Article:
Paving the way to hell for SA’s abused

Paving the way to hell for SA’s abused

When government fails in their response to fight the scourge of sexual violence it’s women like Poppy Makgobatlou who suffer most.

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Makgobatlou is a survivor of domestic abuse and sexual violence. It took her 29 years to break the cycle of repeated assault by her husband. She’s on the cover of Untreated Violence, the Medicins Sans Frontieres (MSF) report released yesterday, (TUES 28 Nov) examining the critical gaps in medical and clinical forensic care for survivors of sexual violence in South Africa.

“Even as I speak to you I have a broken shoulder from what my husband did to me. It’s only in February this year that he decided to leave me. When I got the court summons I knew I was free,” says Makgobatlou. She’s lent her face, name and testimony to the report because she says: “Keeping quiet is protecting us from nothing.”

Makgobatlou lives in Bapong, Rustenburg where MSF runs their Kgomotso Care Centre. At these care centres sexual violence victims are helped to become survivors. They are meant to be treated with dignity and kindness and professionally dealt with to undergo medical and forensic treatment. They can have a shower, receive a comfort care package and psychological counselling and, if they wish, access to a police officer.

Comprehensive package

From work done here in the platinum belt MSF staff recognised an epidemic of rape (one in four women surveyed had been raped in her lifetime). Equally troubling were statistics showing the staggering absence of a comprehensive package of care for survivors and barriers to accessing quality care.

The new MSF report enlarges the Rustenburg focus to a national snapshot of services and facilities available to sexual violence survivors. It’s a checklist for what is a government prescribed comprehensive package of care including HIV-testing, post-exposure prophylaxis and prophylaxis for sexually transmitted infections, emergency contraception, a tetanus and hepatitis B vaccination and information on termination of pregnancy.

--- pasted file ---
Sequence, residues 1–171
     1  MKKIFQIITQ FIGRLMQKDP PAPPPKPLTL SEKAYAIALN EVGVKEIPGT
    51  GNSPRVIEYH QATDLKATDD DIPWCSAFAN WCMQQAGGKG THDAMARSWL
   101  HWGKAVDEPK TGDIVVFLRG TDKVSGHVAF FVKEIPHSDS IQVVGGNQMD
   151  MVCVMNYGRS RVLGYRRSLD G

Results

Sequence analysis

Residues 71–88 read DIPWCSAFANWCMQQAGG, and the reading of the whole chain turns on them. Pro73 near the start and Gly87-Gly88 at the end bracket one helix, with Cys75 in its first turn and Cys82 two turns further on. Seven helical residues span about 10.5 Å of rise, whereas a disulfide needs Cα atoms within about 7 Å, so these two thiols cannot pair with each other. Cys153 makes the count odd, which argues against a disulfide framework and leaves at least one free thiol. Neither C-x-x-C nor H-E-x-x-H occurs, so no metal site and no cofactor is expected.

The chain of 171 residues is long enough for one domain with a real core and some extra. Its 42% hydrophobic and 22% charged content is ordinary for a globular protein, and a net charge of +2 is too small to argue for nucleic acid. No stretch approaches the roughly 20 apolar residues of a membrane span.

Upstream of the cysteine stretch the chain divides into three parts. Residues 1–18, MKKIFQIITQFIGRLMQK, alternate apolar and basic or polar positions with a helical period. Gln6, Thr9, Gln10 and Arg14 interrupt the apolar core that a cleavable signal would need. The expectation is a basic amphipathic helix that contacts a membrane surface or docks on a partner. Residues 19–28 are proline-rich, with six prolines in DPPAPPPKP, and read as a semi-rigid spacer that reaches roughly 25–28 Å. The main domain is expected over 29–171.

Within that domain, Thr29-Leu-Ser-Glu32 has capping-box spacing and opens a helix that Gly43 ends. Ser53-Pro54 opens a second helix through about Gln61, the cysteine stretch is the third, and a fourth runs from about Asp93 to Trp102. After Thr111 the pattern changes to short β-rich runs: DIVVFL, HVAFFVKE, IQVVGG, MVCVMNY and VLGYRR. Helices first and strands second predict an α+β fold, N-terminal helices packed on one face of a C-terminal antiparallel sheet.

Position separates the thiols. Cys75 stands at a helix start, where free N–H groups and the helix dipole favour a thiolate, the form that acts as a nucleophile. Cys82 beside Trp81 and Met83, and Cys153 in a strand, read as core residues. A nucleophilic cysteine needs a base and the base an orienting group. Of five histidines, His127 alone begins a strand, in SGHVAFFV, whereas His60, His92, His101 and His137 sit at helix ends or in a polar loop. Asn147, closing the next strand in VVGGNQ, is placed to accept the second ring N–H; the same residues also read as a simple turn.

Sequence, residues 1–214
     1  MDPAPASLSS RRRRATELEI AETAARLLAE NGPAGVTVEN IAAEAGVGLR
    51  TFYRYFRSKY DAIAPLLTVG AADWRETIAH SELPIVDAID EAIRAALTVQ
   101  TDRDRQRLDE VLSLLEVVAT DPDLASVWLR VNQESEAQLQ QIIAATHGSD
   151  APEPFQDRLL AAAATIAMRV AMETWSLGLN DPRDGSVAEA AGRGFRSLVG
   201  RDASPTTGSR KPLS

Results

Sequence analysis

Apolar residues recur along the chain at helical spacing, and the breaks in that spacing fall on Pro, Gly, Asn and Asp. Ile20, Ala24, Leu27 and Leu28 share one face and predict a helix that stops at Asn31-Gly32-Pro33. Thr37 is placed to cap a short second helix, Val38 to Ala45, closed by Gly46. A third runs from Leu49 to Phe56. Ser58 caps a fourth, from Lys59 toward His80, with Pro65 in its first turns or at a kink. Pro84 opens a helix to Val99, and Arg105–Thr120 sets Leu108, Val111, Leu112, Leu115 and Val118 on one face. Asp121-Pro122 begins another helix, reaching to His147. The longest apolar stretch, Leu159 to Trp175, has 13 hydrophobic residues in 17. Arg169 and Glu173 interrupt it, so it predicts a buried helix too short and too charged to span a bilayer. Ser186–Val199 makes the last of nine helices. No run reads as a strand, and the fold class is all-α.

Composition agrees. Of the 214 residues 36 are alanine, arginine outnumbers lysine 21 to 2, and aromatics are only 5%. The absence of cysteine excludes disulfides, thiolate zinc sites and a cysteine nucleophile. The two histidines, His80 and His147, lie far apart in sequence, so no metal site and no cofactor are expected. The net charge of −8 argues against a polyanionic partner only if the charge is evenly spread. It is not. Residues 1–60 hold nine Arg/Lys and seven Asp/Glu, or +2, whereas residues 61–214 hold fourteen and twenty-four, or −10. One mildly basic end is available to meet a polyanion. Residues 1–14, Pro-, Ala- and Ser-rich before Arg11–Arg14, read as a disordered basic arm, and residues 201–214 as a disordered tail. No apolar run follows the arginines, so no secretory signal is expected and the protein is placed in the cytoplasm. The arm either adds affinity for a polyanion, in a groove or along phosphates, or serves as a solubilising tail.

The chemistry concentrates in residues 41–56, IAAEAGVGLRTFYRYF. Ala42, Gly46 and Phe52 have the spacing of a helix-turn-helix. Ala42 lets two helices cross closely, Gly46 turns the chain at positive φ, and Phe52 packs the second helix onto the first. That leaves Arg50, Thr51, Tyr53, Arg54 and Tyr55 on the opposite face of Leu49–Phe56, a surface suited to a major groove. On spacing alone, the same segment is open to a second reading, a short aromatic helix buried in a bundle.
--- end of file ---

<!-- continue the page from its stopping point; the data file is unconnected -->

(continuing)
A rape survivor should also have access to psychological counselling if they want it, assistance in reporting to police and support should the case go to court.

Government policy and intent has not lived up to reality. The MSF report found that of the 249 designated treatment and care facilities surveyed, 73 percent reported that they did not provide at least one essential service. There are 265 designated care facilities in the country including 55 Thutuzela Care Centres or ‘one-stop shops’ for comprehensive care.

Not victim-friendly

The MSF national mapping showed that only 27 percent of facilities had access to a psychologist, 20 percent did not collect clinical forensic evidence for court and 85 percent of facilities were based in hospitals, not always easily accessible or victim-friendly.

The report, launched at the Women’s Gaol at Constitution Hill, raises more red flags around general systems failure from government departments in health, justice, policing and social development. It also points to personnel who lack the leadership, discipline, skills and competence to carry out their jobs properly.

The report, launched at the Women’s Gaol at Constitution Hill, raises more red flags around general systems failure from government departments in health, justice, policing and social development.

“By not giving proper care to victims of sexual violence we are also missing an opportunity to reduce their trauma and to prevent the spread of HIV/Aids,” said Dr Amir Shroufi, MSF medical co-ordinator, speaking at the launch.

“This report is just scratching the surface of what is going wrong in our response to care for survivors and at the same time we know that sexual violence affects millions of South Africans. This report shows we need clarity and a plan of action from government, because their response to rape and sexual violence as it is, is just not good enough,” he said.

Makgobatlou however, does consider herself a lucky survivor – someone who did get medical and psychological assistance and found a network of support.

“I did worry about what people would say, or maybe that people would not believe me. But I don’t care. Since speaking out I have a found a new family of people who support me, including my two grown up boys,” she says. – Health-e News.